Which, admittedly, I haven't been worried about, not even after two people forwarded me an essay published by the Orange County Register (and reprinted in The Washington Post) on the very subject ("Taking Stock of Gen X: It's Fallen Sharply" ). But the author, Stephen Lynch, did do something interesting while speculating on how history would and should view the past five years: He fused Generation X with the dot-com crowd.
It had never really occurred to me that Gen X, much derided as listless slackers by the mainstream press in the early '90s, was largely responsible for scaling up the Internet. The sweat needed to build this new infrastructure came from the brows of the same generation that supposedly wasn't enthused about much of anything. And why was this news hidden from us? Why, it was those baby boomers, the ones who propagated the slacker stereotype, blithely failing to correct the record as the e-commerce ventures which Xers built were padding boomer retirement funds.
"Funny," the 28-year-old Lynch opines, "but no one rushed to correct that stereotype when, four years later, companies founded mainly by people in their twenties and early thirties jump-started the economy and developed a whole new system for communication, education and commerce."
Could Lynch be right? Was Gen X the larval stage for the hyperactive Net generation to follow, and are we not getting the props we deserve?
Yes, "we"--I'm one of the 50 million folks born between 1963 and 1981, the generally accepted Gen X brackets, and I'm here to tell you (sorry, Mr. Lynch) that the slacker stereotype wasn't entirely off the mark. In 1992, I was post-bachelor's and not the least bit interested in participating in corporate America. I was halfheartedly churning through grad school, only because it was the least uninteresting option available. I didn't dress for success. More than once I found myself thinking, You want me to do what for 40 hours a week? I had plenty of the "sarcastic, sardonic cynicism" Lynch characterized as the prevailing generational attitude.
The problem with the world at the time, I now recall, was that everything seemed so defined. There was little that anyone with even a modicum of creativity could do that somehow didn't already fit into some sort of predetermined pattern. Everything seemed handed down from the boomers with horrible contracts of conformity--like rock music, for instance, which 10 years before had seemed to me to offer freedom itself. If you wanted to rock out in the early '90s, your options were the ready-made nostalgia of classic-rock stations and Hard Rock Cafés or the mannered avenues of indie and grunge rock, in which a band's value was gauged by its proximity to a Sub Pop or a Mammoth Records. Ditto with literature, comedy, drugs, and art. All seemed so ossified.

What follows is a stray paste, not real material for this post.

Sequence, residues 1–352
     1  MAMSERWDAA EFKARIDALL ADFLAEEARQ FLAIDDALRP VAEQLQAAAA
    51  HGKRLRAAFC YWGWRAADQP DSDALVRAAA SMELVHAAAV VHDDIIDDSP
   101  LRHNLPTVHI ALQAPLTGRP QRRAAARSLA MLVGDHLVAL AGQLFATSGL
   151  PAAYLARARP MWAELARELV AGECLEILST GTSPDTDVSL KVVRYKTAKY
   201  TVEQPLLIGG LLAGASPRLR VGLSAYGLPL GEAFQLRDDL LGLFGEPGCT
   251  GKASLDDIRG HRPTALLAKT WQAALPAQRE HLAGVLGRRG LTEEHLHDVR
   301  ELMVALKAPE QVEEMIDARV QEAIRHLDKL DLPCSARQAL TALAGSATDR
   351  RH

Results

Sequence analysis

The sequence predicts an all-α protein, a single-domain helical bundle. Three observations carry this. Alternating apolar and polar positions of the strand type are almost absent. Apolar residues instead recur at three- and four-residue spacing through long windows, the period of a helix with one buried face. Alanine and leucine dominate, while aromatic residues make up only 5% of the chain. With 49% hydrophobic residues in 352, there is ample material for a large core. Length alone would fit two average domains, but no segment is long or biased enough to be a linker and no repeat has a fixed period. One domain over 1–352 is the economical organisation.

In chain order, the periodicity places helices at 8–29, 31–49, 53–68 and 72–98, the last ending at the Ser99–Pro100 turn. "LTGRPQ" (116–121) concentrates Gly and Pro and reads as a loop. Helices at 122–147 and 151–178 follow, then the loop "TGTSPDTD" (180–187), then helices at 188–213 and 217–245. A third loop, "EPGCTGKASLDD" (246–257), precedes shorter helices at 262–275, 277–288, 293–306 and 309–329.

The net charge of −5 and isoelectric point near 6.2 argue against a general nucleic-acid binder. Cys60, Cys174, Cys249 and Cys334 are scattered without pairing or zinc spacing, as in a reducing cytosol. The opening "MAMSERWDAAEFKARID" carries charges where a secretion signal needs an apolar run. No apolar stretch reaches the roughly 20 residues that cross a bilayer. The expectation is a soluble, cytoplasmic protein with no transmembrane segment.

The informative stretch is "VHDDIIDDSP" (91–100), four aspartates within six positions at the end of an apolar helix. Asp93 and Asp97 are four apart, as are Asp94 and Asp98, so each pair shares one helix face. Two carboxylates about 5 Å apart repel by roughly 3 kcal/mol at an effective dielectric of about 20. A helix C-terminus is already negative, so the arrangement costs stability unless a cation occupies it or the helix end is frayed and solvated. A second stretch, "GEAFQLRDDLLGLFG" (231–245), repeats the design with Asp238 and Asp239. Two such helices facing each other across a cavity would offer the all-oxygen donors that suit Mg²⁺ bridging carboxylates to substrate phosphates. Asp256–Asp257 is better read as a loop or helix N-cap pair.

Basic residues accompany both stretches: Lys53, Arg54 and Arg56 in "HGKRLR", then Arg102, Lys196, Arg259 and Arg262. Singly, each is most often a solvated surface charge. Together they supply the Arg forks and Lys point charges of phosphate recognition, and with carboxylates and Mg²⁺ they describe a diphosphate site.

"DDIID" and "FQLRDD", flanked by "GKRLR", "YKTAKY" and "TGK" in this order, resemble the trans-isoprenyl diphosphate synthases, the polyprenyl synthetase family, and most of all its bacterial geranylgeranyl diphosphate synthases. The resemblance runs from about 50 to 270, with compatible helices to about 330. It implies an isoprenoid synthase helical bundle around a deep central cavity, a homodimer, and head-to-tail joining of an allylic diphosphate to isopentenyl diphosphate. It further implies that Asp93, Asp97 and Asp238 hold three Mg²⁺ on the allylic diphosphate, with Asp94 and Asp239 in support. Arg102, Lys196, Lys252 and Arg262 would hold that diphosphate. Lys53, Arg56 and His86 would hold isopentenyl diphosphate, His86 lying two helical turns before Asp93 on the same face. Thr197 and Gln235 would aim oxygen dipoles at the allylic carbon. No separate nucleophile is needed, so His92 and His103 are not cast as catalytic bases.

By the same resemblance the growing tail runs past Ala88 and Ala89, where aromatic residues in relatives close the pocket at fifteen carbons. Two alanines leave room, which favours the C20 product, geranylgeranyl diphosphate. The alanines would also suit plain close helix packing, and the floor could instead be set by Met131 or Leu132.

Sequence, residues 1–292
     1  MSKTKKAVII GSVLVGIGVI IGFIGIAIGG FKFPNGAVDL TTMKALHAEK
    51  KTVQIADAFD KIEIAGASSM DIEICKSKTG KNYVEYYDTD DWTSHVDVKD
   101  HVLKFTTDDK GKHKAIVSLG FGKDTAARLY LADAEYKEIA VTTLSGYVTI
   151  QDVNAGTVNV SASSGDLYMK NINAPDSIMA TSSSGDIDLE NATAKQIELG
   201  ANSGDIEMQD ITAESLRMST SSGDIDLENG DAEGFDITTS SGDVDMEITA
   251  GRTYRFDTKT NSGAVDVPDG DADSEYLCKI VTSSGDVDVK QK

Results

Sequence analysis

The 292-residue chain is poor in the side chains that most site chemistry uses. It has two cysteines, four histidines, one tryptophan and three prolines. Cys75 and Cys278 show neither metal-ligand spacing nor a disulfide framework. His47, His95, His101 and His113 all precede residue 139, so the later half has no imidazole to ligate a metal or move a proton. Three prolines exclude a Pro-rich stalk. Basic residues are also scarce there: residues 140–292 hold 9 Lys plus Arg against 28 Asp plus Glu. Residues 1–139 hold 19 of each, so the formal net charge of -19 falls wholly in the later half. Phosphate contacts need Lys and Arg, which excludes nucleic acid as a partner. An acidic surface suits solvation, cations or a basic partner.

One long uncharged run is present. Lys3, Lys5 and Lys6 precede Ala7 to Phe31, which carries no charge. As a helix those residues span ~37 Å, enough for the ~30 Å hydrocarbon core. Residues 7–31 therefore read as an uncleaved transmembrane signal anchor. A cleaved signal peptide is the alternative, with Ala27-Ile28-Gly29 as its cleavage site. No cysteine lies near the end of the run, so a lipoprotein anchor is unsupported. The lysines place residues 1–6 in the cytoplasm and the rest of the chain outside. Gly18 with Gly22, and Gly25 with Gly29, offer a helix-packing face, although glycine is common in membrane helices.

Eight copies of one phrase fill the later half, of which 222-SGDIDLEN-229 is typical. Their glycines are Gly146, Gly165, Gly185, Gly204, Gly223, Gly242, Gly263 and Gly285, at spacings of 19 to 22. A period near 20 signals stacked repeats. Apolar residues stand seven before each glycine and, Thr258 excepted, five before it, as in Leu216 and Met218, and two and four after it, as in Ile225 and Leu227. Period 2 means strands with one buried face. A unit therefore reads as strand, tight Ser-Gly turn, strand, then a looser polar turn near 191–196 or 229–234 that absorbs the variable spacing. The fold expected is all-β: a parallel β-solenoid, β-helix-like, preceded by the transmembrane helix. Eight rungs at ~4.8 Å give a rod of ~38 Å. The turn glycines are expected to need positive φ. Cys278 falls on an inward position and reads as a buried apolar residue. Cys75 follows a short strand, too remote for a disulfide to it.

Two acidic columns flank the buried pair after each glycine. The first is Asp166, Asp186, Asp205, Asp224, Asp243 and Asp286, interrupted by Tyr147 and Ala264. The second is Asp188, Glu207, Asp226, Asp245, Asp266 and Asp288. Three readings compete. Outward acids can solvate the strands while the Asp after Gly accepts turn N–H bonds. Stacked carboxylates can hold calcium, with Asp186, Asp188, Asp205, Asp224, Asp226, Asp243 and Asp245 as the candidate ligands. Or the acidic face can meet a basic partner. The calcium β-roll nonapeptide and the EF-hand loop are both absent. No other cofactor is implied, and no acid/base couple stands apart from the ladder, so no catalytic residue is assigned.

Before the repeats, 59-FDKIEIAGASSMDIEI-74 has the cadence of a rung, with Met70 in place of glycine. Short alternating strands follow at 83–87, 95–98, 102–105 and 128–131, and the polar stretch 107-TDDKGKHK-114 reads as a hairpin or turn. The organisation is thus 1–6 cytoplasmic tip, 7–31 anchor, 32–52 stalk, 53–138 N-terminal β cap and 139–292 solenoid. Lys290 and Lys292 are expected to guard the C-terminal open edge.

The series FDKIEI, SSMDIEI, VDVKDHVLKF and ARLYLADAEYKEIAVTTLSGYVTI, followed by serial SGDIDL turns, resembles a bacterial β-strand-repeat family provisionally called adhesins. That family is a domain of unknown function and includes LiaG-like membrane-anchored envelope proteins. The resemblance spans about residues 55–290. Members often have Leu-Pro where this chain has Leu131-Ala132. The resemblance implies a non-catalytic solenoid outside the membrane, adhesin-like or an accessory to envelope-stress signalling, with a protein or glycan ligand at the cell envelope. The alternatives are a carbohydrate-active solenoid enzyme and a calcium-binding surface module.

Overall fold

I only really recognized this stiffening of culture after logging onto the Net for the first time. Even with a text-only screen and a 9600-baud modem, I experienced a feeling I can liken only to free fall. Holy crap, I thought. There literally is no end to this stuff. And that was in the pre-Web days of gophers and FTP sites. It wasn't so much the amount of information but how it cut across all sorts of boundaries. This ubiquity, upending all orders, could be dangerous.
By hopping on the Net, I blossomed from despondent corporate outcast to cloying techno-babblist. And as such, I suppose I understand why Lynch wants so badly for his peers to get the credit. The Internet was something alive that seemed to be replacing something dead.
But understanding why he wants the credit doesn't mean he--or we--deserve it. I just tend to think it wasn't so much the result of any particular generation's labor and creativity as a storm that simply blew the roof off the whole theater of cultural continuity in the first place. Many of the early movers and shakers I interviewed for Cyberpunk in its nascent days, in '95 and '96, didn't fall largely into any age cohort. I talked to innovators in their 50s and others in their early teens. Open-source gurus Eric Raymond or Richard Stallman were too iconoclastic to be part of anyone's generation, demographically or culturally. You were simply on the bus or off the bus, as author Ken Kesey said of an earlier time.
Of course, a lot of work did come from those falling under the Gen X rubric. I just part with Lynch when he claims that it showed we were misunderstood from the get-go; I believe it shows we were primed to leap onto something that offered a viable alternative. As my friend Dave, who e-mailed me about the article, pointed out, "The people who found the most utility in the 'Gen X' label were the marketers--baffled by the way they couldn't come up with strategies for selling things to a generation that was already savvy to their stupid tricks. 'What a baffling enigma,' the marketers would say. 'They are truly the mysterious Generation X.'"
Maybe what marketers defined as cynicism was really pent-up energy unusable in a world too set in its ways. It took something undefined, like the Net, to harness such powers.
It's a theory for those writing the history books, anyway.
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